The hard, masculine edge of the pilot fell away. Tough Vietnam vets Thomas Magnum, Rick (Larry Manetti), and TC (Roger E. Mosley) regressed to a nearly prepubescent state, giggling and bickering among themselves while being bossed around by the totally prissy, totally ineffectual, totally girly Higgins (John Hillerman).5 Each show began with Magnum "keeping in shape," which involved a lot of running around either shirtless or in a tank top, and a lot of bending over in tight shorts. The typical Magnum client tended to be a repressed young chick from the mainland with a certain attitude, half "classy" and half "old maid," who had the idea that she was better than Thomas because she was the one with the checkbook. Fate would somehow contrive it that Ms. Priss would first encounter Magnum dripping from the shower (wearing a bathing suit, of course), his mighty chest looming above her like the father of all orgasms.
Not that there would ever be an orgasm. The show was remarkably, and curiously, chaste. Although "irresistible" to women, Thomas never seemed terribly interested in them (ditto for Rick and TC). To take the edge off Magnum's monster bod, he was given a "little boy" personality, obsessed with sports, the Ferrari, and his mindless mind-games with Higgins, intended to win him the use of the tennis courts (but we never see him play) or "the camera." ("Oh, boy! Now we can take pictures!"). Magnum's clients rarely got laid; an odd blending of father/big brother and cabana/stable boy, Thomas was a creature of midnight dreams and fantasy, not flesh and blood passion.6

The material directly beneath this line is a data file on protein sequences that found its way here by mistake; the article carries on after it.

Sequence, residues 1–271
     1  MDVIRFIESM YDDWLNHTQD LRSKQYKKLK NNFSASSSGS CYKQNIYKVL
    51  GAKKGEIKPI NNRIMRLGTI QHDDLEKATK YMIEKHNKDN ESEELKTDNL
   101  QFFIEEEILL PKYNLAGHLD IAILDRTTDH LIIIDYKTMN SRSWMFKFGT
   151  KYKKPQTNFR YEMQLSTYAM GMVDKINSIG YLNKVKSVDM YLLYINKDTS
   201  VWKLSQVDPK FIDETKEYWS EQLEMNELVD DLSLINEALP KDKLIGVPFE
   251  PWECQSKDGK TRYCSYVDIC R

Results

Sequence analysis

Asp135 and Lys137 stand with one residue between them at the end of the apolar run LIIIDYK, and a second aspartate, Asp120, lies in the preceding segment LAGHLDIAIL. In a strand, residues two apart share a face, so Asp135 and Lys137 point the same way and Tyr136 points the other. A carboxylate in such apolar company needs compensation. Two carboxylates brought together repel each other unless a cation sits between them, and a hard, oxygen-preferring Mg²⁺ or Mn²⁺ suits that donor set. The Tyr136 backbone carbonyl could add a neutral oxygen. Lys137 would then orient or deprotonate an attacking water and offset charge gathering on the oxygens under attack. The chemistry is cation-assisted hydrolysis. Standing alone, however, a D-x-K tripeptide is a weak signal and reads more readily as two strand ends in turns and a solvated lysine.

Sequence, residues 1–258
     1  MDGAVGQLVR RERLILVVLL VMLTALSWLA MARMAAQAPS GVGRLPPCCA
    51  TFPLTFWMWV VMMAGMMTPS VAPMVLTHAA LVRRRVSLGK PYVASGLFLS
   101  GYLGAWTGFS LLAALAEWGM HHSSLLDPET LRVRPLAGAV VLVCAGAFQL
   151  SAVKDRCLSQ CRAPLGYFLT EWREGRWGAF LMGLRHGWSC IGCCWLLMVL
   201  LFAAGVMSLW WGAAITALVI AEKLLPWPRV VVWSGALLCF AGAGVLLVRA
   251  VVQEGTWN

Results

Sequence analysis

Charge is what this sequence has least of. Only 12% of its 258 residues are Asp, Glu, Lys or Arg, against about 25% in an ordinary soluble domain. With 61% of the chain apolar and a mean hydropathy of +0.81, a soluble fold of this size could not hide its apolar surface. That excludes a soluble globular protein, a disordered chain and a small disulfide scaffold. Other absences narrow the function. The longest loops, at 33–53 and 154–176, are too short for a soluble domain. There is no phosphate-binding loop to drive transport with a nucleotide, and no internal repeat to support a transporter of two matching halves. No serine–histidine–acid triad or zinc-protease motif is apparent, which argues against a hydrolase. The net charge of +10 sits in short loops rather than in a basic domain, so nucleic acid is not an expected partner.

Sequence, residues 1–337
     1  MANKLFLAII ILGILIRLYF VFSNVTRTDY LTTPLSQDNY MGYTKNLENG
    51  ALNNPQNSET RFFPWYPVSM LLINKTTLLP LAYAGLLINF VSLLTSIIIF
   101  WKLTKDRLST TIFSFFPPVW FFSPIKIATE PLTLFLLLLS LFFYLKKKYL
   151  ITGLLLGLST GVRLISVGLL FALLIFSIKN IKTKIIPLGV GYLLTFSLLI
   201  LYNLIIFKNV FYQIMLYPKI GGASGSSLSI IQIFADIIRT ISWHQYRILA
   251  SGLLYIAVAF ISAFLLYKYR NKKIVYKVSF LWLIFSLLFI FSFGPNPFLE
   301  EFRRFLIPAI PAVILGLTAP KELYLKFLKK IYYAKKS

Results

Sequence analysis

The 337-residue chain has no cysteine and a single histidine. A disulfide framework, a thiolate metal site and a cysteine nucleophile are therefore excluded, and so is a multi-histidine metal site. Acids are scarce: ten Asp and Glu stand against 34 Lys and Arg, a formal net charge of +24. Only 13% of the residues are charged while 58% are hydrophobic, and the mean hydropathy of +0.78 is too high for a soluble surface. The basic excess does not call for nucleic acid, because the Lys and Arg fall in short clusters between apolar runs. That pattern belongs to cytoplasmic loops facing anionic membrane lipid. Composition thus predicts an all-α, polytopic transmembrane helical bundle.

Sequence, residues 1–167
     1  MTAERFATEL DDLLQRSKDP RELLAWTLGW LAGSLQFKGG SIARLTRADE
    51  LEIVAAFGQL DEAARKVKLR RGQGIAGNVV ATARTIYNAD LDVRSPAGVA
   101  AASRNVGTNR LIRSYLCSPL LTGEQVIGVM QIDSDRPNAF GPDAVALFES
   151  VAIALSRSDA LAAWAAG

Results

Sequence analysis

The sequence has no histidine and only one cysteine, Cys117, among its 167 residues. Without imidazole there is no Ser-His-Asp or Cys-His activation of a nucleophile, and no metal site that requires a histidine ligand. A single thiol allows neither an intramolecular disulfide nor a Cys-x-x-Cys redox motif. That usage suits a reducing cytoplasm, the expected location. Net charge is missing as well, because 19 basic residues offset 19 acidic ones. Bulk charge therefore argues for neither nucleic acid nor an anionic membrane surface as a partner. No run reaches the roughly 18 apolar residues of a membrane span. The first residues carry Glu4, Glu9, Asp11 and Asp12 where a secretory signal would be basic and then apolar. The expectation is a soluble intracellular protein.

It's hard to say where all this came from, if not astoundingly astute analysis of fan mail. All the Magnum episodes were directed by men, and men wrote almost all the scripts as well. But whatever the secret, and whatever the source, Magnum was a huge hit, so much so that the usual pressure on a network TV series to be "commercial" all but evaporated. The producers were free to do pretty much whatever they damned pleased, which meant lots and lots of "art" and elegance — Shakespeare, ballet, fencing, Impressionism, Expressionism, English aristocracy, classical music, classic cars, classic clothes, classic cinema, classic cuisine — yeah, if it was classy, it was on Magnum. And it worked.